How about extending a bipartisan hand?

If Mr. Dion is still open to argument, here's why withdrawing in 2009 will damage the national interest

Afghanistan - une guerre masquée



Some time in the next few months, Parliament will almost certainly debate and vote on a motion to extend Canada's current mission in Afghanistan. In fact, Liberal Leader Stéphane Dion has vowed to force a snap vote on the mission at the first available opportunity. Meantime, the government has replied with less than clarity, as it has done so often these days. The Tories and the Liberals are playing partisan politics with one of the most serious issues the country has faced in decades.
Despite the Liberal Leader's increasingly shrill rhetoric against mission extension, withdrawal in February of 2009 will severely damage Canada's national interest. Mr. Dion - and the Tories - ought to make a serious effort at finding a bipartisan way of extending the mission. That can only happen if both parties take a serious look at how they have approached the issue thus far.
Supporters of the mission, including some prominent Conservatives, have labelled the mission as Canada's contribution to a "world war" against Islamic extremism.
That is a mistake. It has sowed untold confusion among Canadians who - if they know anything about history at all - know what a world war is. Afghanistan is not Normandy or Vimy Ridge. It is very important the Taliban do not regain control of Afghanistan and make it a safe haven for al-Qaeda, but the Taliban do not pose an existential threat to Canada's existence. If mission supporters dial down the rhetoric, the atmosphere surrounding this debate might get clearer and less poisonous.
The government might even gain some traction if Stéphane Dion were shown more respect. He demonstrated both his political courage and his commitment to Canada beyond any doubt when he engineered the Clarity Act after the 1995 Quebec referendum.
Mr. Dion might have deep philosophical reasons for opposing mission extension - he certainly acts as if he does - but he might not. He is, after all, the leader of the same party that produced the 2005 International Policy Statement (IPS), which took Canada into Kandahar, introduced the concept of the 3 Ds (development, defence, and diplomacy) and pledged to restore Canada's place in the world by, in part, rebuilding the military. The IPS is the blueprint for much of what the Tories have done.
Mr. Dion should think about how an election over this mission will damage the very national unity he himself holds so dear. It may ultimately shatter the Liberal Party as the conscription election of 1917 did.
Mr. Dion should also give Stephen Harper some credit for breaking a significant precedent when he sought a Commons vote on mission extension in May, 2006. That was the first binding vote on a Canadian troop deployment by Parliament since 1939.
If Stéphane Dion is so intellectually stiff as to go ahead with his threat no matter what, then only his own caucus can stop him, which is highly doubtful. But if he is still open to argument, he ought to consider some very cogent facts:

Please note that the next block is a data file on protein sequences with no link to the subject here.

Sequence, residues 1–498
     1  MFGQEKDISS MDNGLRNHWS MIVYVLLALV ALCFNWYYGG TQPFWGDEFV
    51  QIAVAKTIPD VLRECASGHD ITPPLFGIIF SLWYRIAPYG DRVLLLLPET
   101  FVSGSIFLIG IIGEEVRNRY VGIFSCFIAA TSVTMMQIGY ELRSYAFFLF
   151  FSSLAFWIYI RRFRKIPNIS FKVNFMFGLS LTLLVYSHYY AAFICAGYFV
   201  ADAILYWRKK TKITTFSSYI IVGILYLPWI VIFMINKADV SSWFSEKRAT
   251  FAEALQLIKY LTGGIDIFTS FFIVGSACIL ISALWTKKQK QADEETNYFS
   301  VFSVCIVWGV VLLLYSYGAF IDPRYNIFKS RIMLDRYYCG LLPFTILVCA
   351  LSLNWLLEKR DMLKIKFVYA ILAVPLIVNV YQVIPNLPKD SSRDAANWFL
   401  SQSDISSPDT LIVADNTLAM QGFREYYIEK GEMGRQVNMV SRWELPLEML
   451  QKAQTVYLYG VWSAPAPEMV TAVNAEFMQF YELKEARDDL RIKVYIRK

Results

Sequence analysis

First, victory over the Taliban will not be possible without more help from Pakistan, but that help may be just around the corner. The rapidly evolving political situation gives new hope that Pakistani acquiescence to Taliban activities may be coming to an end. If President Pervez Musharraf and the exiled Benazir Bhutto, former prime minister, arrive at an agreement that sees him leaving the military and Ms. Bhutto returning to office, secularism will be greatly strengthened. If so, action to curtail Taliban activities may be close and we must surely wait to see how that situation unfolds before we decide what to do.
Second, Canada cannot stay in Afghanistan indefinitely, but given two Liberal government decisions to intervene militarily in Afghanistan and a third to send Canadian forces to fight the Taliban in Kandahar in 2005, we have a strong moral obligation to stay until the Afghan National Army is large enough, well-enough trained and well-enough equipped to secure the country. Pulling out now gives the ANA no chance whatsoever to evolve into such a force.
Third, in putting Canada back into Kandahar in 2005, the Liberals placed Canadian soldiers into the "thin red line" that must hold fast if there is any chance of ultimate victory over the Taliban. To pull them out now would make a mockery of Liberal policy decisions by the very government Mr. Dion was a member of.
Finally, although many Canadians disagree with the mission, majorities are often wrong. Canada is a representative democracy and the Liberals know as well as the Tories that sometimes things need doing that a majority of Canadians won't agree with. A large majority of Canadians were in favour of capital punishment when it was abolished back in the 1970s. The majority was wrong, Parliament was right.
What we need most now is a mature debate on the issues. There's no hope of maturity from the Bloc Québécois or the NDP, but it is surely not too much to expect that the man who puts himself forward as a potential prime minister of Canada treat this very serious issue with the respect it deserves. Up to now, he has not.
***
DAVID BERCUSON
Director of the Centre for Military and Strategic Studies at the University of Calgary
David Bercuson is also director of programs for the Canadian Defence and Foreign Affairs Institute.

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Director of the Centre for Military and Strategic Studies at the University of Calgary

David Bercuson is also director of programs for the Canadian Defence and Foreign Affairs Institute.





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